She entered as a political science major, but by the spring quarter of her freshmen year she switched to Chicano Studies. She worked two jobs to help pay for school as well, as her parents couldn’t afford to help her out. Romero also joined a first-year learning community on campus, which she credits to helping her get through that first year of university.

That summer, she took two community college courses, hoping to finish her degree in three years.

By her second year, she decided to become more involved, so she joined Movimiento Estudiantil Chicano de Aztlan (MECHA), Brown Issues, and Mujeres Unidas, all student organizations on campus. Through MECHA, she chaired her first conference, where she brought 300 elementary school students to UCR and hosted workshops, tours, and various activities for them.

She also took her first Spanish course her second year — and decided to double major. Her Spanish professor also introduced her and pushed her to apply for the Mellon Mays Undergraduate Fellowship (MMUF) program. By her junior year, her idea of graduating early became a distant thought as she was accepted as a MMUF fellow and she studied abroad in Spain and Italy.

“When I came back that summer, I had to quickly begin my research program. At this time, I had never been exposed to research, so I didn’t really know what to expect.”

She presented research for the first time that August at a conference. Her fourth year came around, and she was voted in as the chair of MECHA, she was involved with research, and she was working as a tutor to make ends meet. She also applied to the University of California Washington Center, or UCDC, began taking graduate-level courses, and decided to take-on an education minor. She applied to Teach for America (TFA), and did summer research in Wisconsin.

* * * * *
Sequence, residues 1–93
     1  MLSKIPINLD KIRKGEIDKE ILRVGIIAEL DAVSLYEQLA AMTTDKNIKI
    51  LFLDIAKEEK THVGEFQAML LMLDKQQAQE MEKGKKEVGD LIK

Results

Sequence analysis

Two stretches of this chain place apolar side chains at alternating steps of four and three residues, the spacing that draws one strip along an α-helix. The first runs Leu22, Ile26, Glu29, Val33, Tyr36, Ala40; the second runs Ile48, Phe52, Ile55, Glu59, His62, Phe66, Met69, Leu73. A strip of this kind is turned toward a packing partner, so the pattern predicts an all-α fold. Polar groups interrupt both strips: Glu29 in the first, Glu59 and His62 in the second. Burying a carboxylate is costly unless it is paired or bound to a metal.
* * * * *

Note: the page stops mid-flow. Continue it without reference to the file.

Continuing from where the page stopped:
Fall 2016, she began her fifth and final year at UCR. She interned with Rep. Linda Sanchez in Washington D.C., through the UCDC program — which opened her eyes to one day getting into politics. Her goal is to make a difference for the undocumented community, specifically in education. When she came back to UCR the following quarter, she began her own research project, looking into undocumented Latino students at UCR, and if they feel a sense of community on campus.

At the end of the month, she will head to Las Vegas to do the required “boot camp” TFA hosts for incoming teachers. But, she will make it back for her commencement ceremony, and the Raza graduation — a cultural graduation ceremony hosted by Chicano Student Programs.

“I want other Latinos to look at my story, and know they can do it too. I didn’t have all the answers when it came to applying to a university, but if you get out there and talk to people, start conversations, ask questions, be open to dialogue and learning, you can get to where you want to be,” Romero said.

In the fall, she will begin teaching preschool in Clark County and will pursue her master’s in education at the University of Nevada, Las Vegas. After finishing her master’s, she will continue her education by pursing a doctorate in an education field, with the hope of becoming an education administrator.